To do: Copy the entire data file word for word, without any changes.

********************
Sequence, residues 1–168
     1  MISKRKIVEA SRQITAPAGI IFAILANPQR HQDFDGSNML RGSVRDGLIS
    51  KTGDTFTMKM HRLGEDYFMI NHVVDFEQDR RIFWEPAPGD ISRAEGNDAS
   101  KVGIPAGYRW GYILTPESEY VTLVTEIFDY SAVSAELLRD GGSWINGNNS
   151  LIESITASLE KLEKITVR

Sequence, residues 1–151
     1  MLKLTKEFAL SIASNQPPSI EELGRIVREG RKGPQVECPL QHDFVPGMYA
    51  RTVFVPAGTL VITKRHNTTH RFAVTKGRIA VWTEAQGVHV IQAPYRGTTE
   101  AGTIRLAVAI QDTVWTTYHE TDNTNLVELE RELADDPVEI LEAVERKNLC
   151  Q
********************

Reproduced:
Sequence, residues 1–168
     1  MISKRKIVEA SRQITAPAGI IFAILANPQR HQDFDGSNML RGSVRDGLIS
    51  KTGDTFTMKM HRLGEDYFMI NHVVDFEQDR RIFWEPAPGD ISRAEGNDAS
   101  KVGIPAGYRW GYILTPESEY VTLVTEIFDY SAVSAELLRD GGSWINGNNS
   151  LIESITASLE KLEKITVR

Sequence, residues 1–151
     1  MLKLTKEFAL SIASNQPPSI EELGRIVREG RKGPQVECPL QHDFVPGMYA
    51  RTVFVPAGTL VITKRHNTTH RFAVTKGRIA VWTEAQGVHV IQAPYRGTTE
   101  AGTIRLAVAI QDTVWTTYHE TDNTNLVELE RELADDPVEI LEAVERKNLC
   151  Q